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Nitrifying Bacteria


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Accoring to my GCSE Biology textbook, Nitrifying bateria convert ammonia from the decayed remains of animals and plants into nitrates.

I was wondering - how is this an efficient process for them? It must take up a large amount of energy, what do they get out of it?

Or is this a case of crass oversimplifying at GCSE level?

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these nitrifying bacteria do not simply waste their energy by continuously converting atmospheric nitrogen or ammonia in the soil into Nitrates. they actually utilize the nitrogen, NH3, and other inorganic compounds for the life processes taking place in their bodies. the actually derive energy by this process. The resultant Nitrates and Nitrates; which to us; humans are useful; are mainly the Waste products secreted from their bodies...


They don't get anything out of this process. But these processes are part of the life processes required for their metabolism.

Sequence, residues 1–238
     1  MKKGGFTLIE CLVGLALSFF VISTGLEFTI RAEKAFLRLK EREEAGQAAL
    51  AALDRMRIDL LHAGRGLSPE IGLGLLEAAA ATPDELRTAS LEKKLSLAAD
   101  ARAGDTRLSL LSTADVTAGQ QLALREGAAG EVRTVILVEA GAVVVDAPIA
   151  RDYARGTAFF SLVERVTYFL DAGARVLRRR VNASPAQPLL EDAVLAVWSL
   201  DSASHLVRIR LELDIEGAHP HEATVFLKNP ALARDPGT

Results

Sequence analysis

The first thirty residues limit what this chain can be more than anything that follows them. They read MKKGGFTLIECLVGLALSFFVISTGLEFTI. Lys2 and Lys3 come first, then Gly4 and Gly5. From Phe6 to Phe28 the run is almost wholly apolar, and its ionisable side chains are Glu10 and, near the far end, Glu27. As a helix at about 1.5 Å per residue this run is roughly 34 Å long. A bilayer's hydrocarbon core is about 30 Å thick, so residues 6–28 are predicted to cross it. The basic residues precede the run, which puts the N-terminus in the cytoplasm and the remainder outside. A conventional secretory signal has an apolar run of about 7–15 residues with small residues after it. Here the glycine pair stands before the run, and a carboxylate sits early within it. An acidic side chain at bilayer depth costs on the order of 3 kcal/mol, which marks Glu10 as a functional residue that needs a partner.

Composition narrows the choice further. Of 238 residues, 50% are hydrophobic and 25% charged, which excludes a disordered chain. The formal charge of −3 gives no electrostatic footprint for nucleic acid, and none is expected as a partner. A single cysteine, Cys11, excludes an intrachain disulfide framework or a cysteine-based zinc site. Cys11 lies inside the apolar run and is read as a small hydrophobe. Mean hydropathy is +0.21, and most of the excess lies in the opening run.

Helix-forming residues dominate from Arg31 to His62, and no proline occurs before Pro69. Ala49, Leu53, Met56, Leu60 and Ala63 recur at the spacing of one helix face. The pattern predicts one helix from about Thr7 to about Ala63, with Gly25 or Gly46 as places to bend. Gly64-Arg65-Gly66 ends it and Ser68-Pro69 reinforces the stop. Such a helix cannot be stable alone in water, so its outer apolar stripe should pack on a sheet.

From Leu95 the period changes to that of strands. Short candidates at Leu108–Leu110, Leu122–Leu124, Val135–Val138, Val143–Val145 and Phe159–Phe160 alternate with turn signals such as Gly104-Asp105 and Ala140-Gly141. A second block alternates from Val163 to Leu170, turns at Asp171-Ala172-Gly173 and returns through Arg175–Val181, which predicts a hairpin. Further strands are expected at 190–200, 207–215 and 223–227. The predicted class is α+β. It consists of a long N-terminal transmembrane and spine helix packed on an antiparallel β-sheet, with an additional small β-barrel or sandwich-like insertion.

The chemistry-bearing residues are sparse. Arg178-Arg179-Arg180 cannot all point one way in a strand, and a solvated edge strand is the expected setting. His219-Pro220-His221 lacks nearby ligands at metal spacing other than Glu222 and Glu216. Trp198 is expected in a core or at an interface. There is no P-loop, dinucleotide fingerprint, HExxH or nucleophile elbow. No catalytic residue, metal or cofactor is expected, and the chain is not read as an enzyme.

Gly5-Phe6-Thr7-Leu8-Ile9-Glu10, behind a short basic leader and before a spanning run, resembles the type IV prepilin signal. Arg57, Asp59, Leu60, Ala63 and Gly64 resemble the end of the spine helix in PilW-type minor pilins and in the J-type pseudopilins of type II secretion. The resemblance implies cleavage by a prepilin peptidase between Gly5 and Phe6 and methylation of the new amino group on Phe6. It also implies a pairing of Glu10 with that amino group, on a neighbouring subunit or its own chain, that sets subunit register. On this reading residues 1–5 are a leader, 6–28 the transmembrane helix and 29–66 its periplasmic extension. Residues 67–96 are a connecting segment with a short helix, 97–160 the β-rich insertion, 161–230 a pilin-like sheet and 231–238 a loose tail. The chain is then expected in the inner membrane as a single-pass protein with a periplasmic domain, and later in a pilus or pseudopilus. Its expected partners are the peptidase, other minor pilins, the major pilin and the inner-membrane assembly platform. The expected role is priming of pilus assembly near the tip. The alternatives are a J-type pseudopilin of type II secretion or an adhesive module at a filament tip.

Nitrogen fixing bacteria which are most important are the Cyanobacteria. These may be solitary, colonial or terrestrial. They have specialized cells in their colonies called Heterocysts. these cells have the required pigments for this process.


I have tried my best to explain.


For anymore help, please mail me.:)

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They don't get anything out of this process.

Huh? They use either ammonia or nitrite as electron donors. You know, to generate energy in the electron transfer chain.


Nitrogen fixing bacteria which

Nitrification has nothing to do with nitrogen fixation.

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